7. 7.
    Kaska L, Sledzinski T, Chomiczewska A, et al. Improved glucose metabolism following bariatric surgery is associated with increased circulating bile acid concentrations and remodeling of the gut microbiome. World J Gastroenterol. 2016;22:8698–719.CrossRefGoogle Scholar
  8. 8.
    Vítek L, Haluzík M. The role of bile acids in metabolic regulation. J Endocrinol. 2016;228:R85–96.CrossRefGoogle Scholar
  9. 9.
    Penney N, Kinross J, Newton R, et al. The role of bile acids in reducing the metabolic complications of obesity after bariatric surgery: a systematic review. Int J Obes. 2015;39:1565–74.CrossRefGoogle Scholar
  10. 10.
    Kohli R, Setchell KD, Kirby M, et al. A surgical model in male obese rats uncovers protective effects of bile acids post-bariatric surgery. Endocrinology. 2013;154:2341–51.CrossRefGoogle Scholar
  11. 11.
    Ryan KK, Tremaroli V, Clemmensen C, et al. FXR is a molecular target for the effects of vertical sleeve gastrectomy. Nature. 2014;509:183–8.CrossRefGoogle Scholar
  12. 12.
    Taoka H, Yokoyama Y, Morimoto K, et al. Role of bile acids in the regulation of the metabolic pathways. World J Diabetes. 2016;7:260–70.CrossRefGoogle Scholar
  13. 13.
    Schaap FG. Role of fibroblast growth factor 19 in the control of glucose homeostasis. Curr Opin Clin Nutr Metab Care. 2012;15:386–91.CrossRefGoogle Scholar
  14. 14.
    Fu L, John LM, Adams SH, et al. Fibroblast growth factor 19 increases metabolic rate and reverses dietary and leptin-deficient diabetes. Endocrinology. 2004;145:2594–603.CrossRefGoogle Scholar
  15. 15.
    Gerhard GS, Styer AM, Wood GC, et al. A role for fibroblast growth factor 19 and bile acids in diabetes remission after Roux-en-Y gastric bypass. Diabetes Care. 2013;36:1859–64.CrossRefGoogle Scholar
  16. 16.
    Sachdev S, Wang Q, Billington C, et al. FGF 19 and bile acids increase following Roux-en-Y gastric bypass but not after medical management in patients with type 2 diabetes. Obes Surg. 2016;26:957–65.CrossRefGoogle Scholar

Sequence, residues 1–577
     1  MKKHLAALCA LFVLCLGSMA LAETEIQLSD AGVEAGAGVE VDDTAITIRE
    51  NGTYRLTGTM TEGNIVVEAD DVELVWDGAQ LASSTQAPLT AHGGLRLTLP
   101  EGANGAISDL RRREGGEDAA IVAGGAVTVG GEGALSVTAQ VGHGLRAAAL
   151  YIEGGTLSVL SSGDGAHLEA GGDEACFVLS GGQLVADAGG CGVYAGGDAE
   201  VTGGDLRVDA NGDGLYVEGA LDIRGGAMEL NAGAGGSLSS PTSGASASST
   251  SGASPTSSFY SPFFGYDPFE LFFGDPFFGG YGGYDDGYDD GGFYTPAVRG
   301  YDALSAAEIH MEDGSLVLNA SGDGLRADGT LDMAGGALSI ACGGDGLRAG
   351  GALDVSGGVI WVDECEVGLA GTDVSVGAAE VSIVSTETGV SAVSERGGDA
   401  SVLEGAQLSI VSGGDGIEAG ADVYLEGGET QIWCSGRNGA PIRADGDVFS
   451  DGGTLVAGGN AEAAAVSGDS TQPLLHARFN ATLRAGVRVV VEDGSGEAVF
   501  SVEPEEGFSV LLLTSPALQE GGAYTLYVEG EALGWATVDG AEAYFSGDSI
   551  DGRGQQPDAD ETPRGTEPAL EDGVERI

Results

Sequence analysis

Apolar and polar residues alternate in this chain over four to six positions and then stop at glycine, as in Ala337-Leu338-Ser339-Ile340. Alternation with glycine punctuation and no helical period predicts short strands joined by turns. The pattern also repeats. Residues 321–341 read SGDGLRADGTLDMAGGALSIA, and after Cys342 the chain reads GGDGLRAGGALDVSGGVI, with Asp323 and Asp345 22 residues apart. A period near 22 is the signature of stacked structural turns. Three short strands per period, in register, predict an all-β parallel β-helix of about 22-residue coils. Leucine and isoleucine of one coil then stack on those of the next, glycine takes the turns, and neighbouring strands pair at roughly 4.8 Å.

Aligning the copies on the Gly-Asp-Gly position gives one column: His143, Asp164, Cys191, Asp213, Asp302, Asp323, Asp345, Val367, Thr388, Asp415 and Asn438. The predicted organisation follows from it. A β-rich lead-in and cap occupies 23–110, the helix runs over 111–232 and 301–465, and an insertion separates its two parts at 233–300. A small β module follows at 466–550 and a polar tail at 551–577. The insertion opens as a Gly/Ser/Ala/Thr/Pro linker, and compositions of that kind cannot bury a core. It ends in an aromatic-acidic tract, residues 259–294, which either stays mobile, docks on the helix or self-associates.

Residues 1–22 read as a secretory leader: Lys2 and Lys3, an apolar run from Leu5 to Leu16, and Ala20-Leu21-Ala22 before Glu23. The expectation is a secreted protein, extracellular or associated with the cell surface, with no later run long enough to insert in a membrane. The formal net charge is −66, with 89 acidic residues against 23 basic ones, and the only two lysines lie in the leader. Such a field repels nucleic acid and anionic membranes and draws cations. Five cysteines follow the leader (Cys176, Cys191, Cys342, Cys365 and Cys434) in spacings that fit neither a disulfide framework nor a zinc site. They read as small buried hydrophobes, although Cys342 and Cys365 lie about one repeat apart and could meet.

17. 17.
    Haluzíková D, Lacinová Z, Kaválková P, et al. Laparoscopic sleeve gastrectomy differentially affects serum concentrations of FGF-19 and FGF-21 in morbidly obese subjects. Obesity. 2013;21:1335–42.CrossRefGoogle Scholar
  18. 18.
    Escalona A, Muñoz R, Irribarra V, et al. Bile acids synthesis decreases after laparoscopic sleeve gastrectomy. Surg Obes Relat Dis. 2016;12:763–9.CrossRefGoogle Scholar
  19. 19.
    Steinert RE, Peterli R, Keller S, et al. Bile acids and gut peptide secretion after bariatric surgery: a 1-year prospective randomized pilot trial. Obesity. 2013;21:E660–8.CrossRefGoogle Scholar
  20. 20.
    Nakatani H, Kasama K, Oshiro T, et al. Serum bile acid along with plasma incretins and serum high–molecular weight adiponectin levels are increased after bariatric surgery. Metabolism. 2009;58:1400–7.CrossRefGoogle Scholar
  21. 21.
    Stubbs RJ, Hughes DA, Johnstone AM, et al. The use of visual analogue scales to assess motivation to eat in human subjects: a review of their reliability and validity with an evaluation of new hand-held computerized systems for temporal tracking of appetite ratings. Br J Nutr. 2000;84:405–15.CrossRefGoogle Scholar
  22. 22.
    Tagliacozzi D, Mozzi AF, Casetta B, et al. Quantitative analysis of bile acids in human plasma by liquid chromatography-electrospray tandem mass spectrometry: a simple and rapid one-step method. Clin Chem Lab Med. 2003;41:1633–41.CrossRefGoogle Scholar
  23. 23.
    Muniyappa R, Lee S, Chen H, et al. Current approaches for assessing insulin sensitivity and resistance in vivo: advantages, limitations, and appropriate usage. Am J Physiol Endocrinol Metab. 2008;294:E15–26.CrossRefGoogle Scholar
  24. 24.
    Khan FH, Shaw L, Zhang W, et al. Fibroblast growth factor 21 correlates with weight loss after vertical sleeve gastrectomy in adolescents. Obesity. 2016;24:2377–83.CrossRefGoogle Scholar
  25. 25.
    Schmidt JB, Pedersen SD, Gregersen NT, et al. Effects of RYGB on energy expenditure, appetite and glycaemic control: a randomized controlled clinical trial. Int J Obes. 2013;40:281–90.CrossRefGoogle Scholar
  26. 26.
    De Giorgi S, Campos V, Egli L, et al. Long-term effects of Roux-en-Y gastric bypass on postprandial plasma lipid and bile acids kinetics in female non diabetic subjects: a cross-sectional pilot study. Clin Nutr. 2014;34:911–7.CrossRefGoogle Scholar
  27. 27.
    Ahmad N, Pfalzer A, Kaplan L. Roux-en-Y gastric bypass normalizes the blunted postprandial bile acid excursion associated with obesity. Int J Obes. 2013;37:1553–9.CrossRefGoogle Scholar
  28. 28.
    Kohli R, Bradley D, Setchell KD, et al. Weight loss induced by Roux-en-Y gastric bypass but not laparoscopic adjustable gastric banding increases circulating bile acids. J Clin Endocrinol Metab. 2013;98:E708–12.CrossRefGoogle Scholar
  29. 29.
    Werling M, Vincent RP, Cross GF, et al. Enhanced fasting and post-prandial plasma bile acid responses after Roux-en-Y gastric bypass surgery. Scand J Gastroenterol. 2013;48:1257–64.CrossRefGoogle Scholar
  30. 30.
    Steinert R, Feinle-Bisset C, Geary N, et al. Digestive physiology of the pig symposium: secretion of gastrointestinal hormones and eating control. J Anim Sci. 2013;91:1963–73.CrossRefGoogle Scholar